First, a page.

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Follow-Up Test: 2006 Honda Civic GX

Honda Civic
Running out of juice in a natural-gas vehicle (NGV) is different from your usual side-of-the-road snafu. You can't carry extra compressed natural gas (CNG) in a container. If you're stuck, neither the local filling station nor AAA can help you with this particular alternative fuel.

The CNG fuel tank in the 2006 Honda Civic GX is large (Honda had to design around it), but for all its bulk, the super-safe tank only holds the equivalent of 8 gallons of gasoline. A Civic LX, by contrast, holds 65 percent more. Since the EPA's mileage estimates for the two Civics don't differ much (28 city/39 highway for the GX, 30 city/40 highway for the LX), GX owners will need to refuel almost twice as often as LX owners.

Which is a natural place to begin our review of this vehicle.

Despite being identical in many ways to its hugely popular Civic cousins, the Honda NGV is limited perhaps even handicapped by its eco-friendly fueling system. Few folks live near the 650 or so public natural-gas pumps across the U.S. That makes the natural-gas car most suitable for those who know exactly how far they will travel each day: short-haul commuters, students and some fleets. Traveling farther than Honda's estimated 200 miles per tank requires researching the hours and location of natural-gas pumps along a pre-planned route. A hassle, to be sure.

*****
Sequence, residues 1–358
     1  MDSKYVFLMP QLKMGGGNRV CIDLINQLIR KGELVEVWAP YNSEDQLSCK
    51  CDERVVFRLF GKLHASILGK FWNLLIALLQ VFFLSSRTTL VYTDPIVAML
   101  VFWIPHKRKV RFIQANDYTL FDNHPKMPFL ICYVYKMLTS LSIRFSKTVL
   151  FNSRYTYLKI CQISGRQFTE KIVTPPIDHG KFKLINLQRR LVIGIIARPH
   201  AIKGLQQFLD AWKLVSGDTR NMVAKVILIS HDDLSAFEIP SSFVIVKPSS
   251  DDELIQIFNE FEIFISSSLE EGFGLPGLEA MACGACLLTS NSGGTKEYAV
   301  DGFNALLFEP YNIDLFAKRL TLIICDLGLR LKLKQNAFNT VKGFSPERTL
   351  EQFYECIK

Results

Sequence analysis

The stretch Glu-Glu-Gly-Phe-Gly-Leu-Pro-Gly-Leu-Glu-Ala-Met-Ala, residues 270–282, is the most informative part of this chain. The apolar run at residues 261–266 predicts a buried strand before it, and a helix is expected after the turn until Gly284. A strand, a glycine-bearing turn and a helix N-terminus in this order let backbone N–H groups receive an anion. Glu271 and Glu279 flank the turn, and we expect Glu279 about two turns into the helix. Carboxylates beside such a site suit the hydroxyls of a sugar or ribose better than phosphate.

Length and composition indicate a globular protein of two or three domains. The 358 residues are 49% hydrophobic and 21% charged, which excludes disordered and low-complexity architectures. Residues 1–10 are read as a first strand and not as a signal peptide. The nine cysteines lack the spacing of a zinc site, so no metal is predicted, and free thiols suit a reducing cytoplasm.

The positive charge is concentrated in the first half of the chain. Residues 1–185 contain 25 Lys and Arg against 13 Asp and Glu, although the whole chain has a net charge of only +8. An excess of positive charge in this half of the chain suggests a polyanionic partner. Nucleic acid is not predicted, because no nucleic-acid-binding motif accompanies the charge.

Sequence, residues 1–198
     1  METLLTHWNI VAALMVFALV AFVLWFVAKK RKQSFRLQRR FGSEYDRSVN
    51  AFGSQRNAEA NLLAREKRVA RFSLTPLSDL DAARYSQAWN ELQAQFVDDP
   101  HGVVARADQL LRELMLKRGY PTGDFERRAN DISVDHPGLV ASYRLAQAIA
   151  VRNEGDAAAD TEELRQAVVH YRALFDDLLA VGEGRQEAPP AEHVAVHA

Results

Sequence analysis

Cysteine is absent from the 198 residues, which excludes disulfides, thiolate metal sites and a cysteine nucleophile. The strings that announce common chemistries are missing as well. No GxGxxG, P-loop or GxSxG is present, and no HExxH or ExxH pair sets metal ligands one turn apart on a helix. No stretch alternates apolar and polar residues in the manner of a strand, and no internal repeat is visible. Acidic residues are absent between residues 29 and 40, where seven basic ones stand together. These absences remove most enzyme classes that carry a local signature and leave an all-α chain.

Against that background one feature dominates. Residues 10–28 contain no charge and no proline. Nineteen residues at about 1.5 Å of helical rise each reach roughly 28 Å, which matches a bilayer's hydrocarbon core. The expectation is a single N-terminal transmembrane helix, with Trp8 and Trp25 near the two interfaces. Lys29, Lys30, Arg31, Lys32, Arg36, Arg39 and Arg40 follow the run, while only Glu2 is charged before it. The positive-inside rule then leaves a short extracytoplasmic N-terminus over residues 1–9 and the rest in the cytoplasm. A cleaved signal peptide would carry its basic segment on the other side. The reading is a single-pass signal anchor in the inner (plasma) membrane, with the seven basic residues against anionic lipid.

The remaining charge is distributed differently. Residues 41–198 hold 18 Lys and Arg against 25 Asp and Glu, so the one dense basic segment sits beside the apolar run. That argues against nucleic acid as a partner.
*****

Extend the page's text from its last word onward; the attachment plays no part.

Our drives saw nowhere near the EPA-estimated mpg (likely due to heavy urban driving and constant A/C during a heat wave). The row of small blue squares indicating the amount of gas in the tank were like a series of little Houdinis: Each time we'd look up, another one had disappeared. As a result, refueling became our main preoccupation, and we glanced at the gas gauge as often as the speedometer. For a car that's billed as having great fuel economy, we found it quite nerve-racking.

There is one alternative to the hunt for pumps: the Phill home refueling appliance, made by FuelMaker. Installed in the garage or on an outside wall, it hooks into your home's natural-gas line. Attaching the pump to the car for an overnight refill will save roughly $1 per gallon equivalent compared to the CNG pump price, which averaged $1.90 nationally in June compare that to gasoline prices, which continue to hover close to $3/gallon.